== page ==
Bloomington Solar Initiatives

Outcomes and Conclusions

As of early 2020, Bloomington had installed solar energy systems at 32 City locations, providing an estimated 2.1 MW of solar capacity and an additional 1.8 MW of solar capacity has been added through their partnership with SIREN. The City also released an online solar dashboard that allows anyone to see the current and past renewable electricity generation for municipal facilities in an interactive manner. The City of Bloomington was recognized as an EPA Green Power Partner for municipal solar electricity generation.

The installed solar capacity does not offset the facilities' entire electric use. However, some solar sites generate more electricity than they use. This excess energy is sent back to the grid and the City receives a bill credit through net metering. Between July 18, 2018 and June 19, 2019, the City received a $70,000 bill credit from Duke Energy as a result of net metering.

Monroe County, where Bloomington is located, comprises close to 20% of the individual solar installations in the state of Indiana. When looking at Duke Energy net metering customers in Indiana, Monroe County accounts for 40%.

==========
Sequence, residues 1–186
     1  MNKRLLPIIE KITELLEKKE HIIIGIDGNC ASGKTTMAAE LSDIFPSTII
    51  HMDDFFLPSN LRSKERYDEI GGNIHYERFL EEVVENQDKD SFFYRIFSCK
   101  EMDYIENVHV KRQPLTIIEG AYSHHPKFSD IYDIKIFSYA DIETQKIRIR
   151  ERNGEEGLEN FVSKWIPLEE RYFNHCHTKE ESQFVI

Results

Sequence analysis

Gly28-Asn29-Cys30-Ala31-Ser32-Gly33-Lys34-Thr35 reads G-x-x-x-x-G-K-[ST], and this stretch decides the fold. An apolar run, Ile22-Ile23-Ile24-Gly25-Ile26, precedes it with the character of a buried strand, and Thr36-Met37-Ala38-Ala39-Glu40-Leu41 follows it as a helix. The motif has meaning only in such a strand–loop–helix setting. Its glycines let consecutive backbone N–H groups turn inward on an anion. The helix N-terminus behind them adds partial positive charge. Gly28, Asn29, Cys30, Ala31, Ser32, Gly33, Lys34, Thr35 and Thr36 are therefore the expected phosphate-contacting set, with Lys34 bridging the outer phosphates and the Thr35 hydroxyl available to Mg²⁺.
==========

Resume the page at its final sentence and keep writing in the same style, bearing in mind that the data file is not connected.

Additional solar capacity is expected to come online at City facilities, including on the parking garages, and Solarize Bloomington is continuing its program to encourage more residents to install solar. 


The City faced a couple of challenges throughout the process. At one point, the City was facing time constraints, and because of the structure of the GESC, the City had limited control over subcontractors. These subcontractors were chosen by the contractor and in some instances were not as experienced in solar installation. At some locations, the subcontractors initially installed panels improperly, without proper protection, or in spots that were unfit for the solar panels. Most of the reason for these issues was a result of the rush to install the panels before the end of 2017. Luckily, a GESC requires the contractor to generate the energy they have committed to under the contract, otherwise, the contractor must pay the difference between the guaranteed savings and the actual savings

Another issue was installing in sites that are considered multi-tenant or multi-retail. These sites are more challenging because each tenant must be considered separate, which requires additional installation and monitoring to properly determine where the energy is going and who is being charged or reimbursed.

Alex Crowley, director of Bloomington’s Office of Economic and Sustainable Development said, “It is important to pick your energy savings partner carefully and know their experience and how they will lean on subcontractors, especially if you are operating under a time crunch.”  

Project Resources

For more information on Bloomington's solar initiatives, contact:

Lauren Travis
Bloomington Office of Economic and Sustainable Development
Assistant Director of Sustainability